Liz46 Thu 18-Dec-14 05:54:27

When I worked in a bank I came across several people who wrote their PIN on their cash card!

loopylou Thu 18-Dec-14 06:57:05

Seems I spend just as much time resetting passwords as I do buying on line sad, would love to know how to remember them without writing down! Memory of a gnat I suspect.....

Rider Mon 05-Jan-15 21:10:29

I use a browser add-on called 'LastPass' on my Windows computer. Visit a site and LastPass automatically fills in the username and password fields.

I know there will be justifiable concern about storing passwords online but LastPass is secure because the encryption and decryption of passwords is kept on the computer. I trust it with all logins apart from those used for financial sites. I'm pretty sure even these would be stored securely but for peace of mind, they are kept in a password protected file on the computer instead.

LastPass generates secure passwords as well, so no need to think them up. LastPass generated passwords consist of a random string of uppercase/lowercase letters and numbers. These passwords can be copied and written on a piece of paper or stored in a computer file. This isn't absolutely necessary though because LastPass stores them automatically anyway.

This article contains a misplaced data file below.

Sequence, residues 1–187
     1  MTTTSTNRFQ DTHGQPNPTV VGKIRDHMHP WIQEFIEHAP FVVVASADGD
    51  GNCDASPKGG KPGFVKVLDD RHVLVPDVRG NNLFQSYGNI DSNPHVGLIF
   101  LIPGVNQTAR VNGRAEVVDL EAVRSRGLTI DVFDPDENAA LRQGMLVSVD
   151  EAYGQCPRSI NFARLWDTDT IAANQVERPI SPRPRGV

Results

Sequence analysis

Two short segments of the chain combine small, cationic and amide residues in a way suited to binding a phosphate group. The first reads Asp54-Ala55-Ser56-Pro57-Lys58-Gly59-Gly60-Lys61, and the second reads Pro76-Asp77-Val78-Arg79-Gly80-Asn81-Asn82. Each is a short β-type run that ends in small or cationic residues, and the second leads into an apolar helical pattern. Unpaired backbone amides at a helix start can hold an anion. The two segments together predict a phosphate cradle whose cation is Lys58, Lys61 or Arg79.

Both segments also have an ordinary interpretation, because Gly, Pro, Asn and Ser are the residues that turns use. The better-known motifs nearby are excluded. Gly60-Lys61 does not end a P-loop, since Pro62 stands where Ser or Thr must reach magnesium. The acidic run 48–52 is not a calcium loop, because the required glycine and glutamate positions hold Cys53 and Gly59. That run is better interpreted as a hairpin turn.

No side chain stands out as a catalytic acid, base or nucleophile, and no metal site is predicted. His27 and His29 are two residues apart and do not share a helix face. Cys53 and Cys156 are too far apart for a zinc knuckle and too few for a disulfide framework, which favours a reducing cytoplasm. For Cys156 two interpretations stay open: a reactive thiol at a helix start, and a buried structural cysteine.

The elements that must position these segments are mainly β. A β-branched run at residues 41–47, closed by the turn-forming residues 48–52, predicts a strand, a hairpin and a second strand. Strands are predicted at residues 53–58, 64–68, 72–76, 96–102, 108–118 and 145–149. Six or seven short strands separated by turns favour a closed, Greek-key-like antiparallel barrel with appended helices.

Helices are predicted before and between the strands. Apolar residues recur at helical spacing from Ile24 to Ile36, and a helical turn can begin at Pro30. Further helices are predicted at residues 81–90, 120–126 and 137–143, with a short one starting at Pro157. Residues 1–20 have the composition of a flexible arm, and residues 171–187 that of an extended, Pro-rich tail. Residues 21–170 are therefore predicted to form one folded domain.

I've been using LastPass for many different sites for about 4 years and have had no problems so far.

soontobe Mon 05-Jan-15 21:38:23

I write mine down in one of my books by the computer.
I have a whole range of passwords.
Who is going to steal them?
Only someone who scoops all passwords of a company.

No one can find us anyway.
We have to give people complicated directions for them even to manage to find us. The last thing on their mind, even if they did, would be our passwords.

annodomini Mon 05-Jan-15 22:33:23

My passwords are on a Google document on my Chromebook laptop. The catch there is that I need to use a password to get into the laptop, so also have it in my diary. I must get round to memorising it.

Ana Mon 05-Jan-15 22:49:38

I'm past caring. I use the same two passwords, with slight variations, for everything and have them listed on a document file somewhere on my laptop...

What, really, is the worst that could happen? hmm

Lona Mon 05-Jan-15 22:57:24

I do more or less the same Ana, there's nothing they can access anyway.

Nelliemoser Mon 05-Jan-15 23:06:49

It's still not straight forward. I have a written list for website passwords for but I cannot always decipher the encoded clues I have concocted. These are the logins for Gransnet and other forums, shopping places,My family history site etc. These are separate from financial stuff.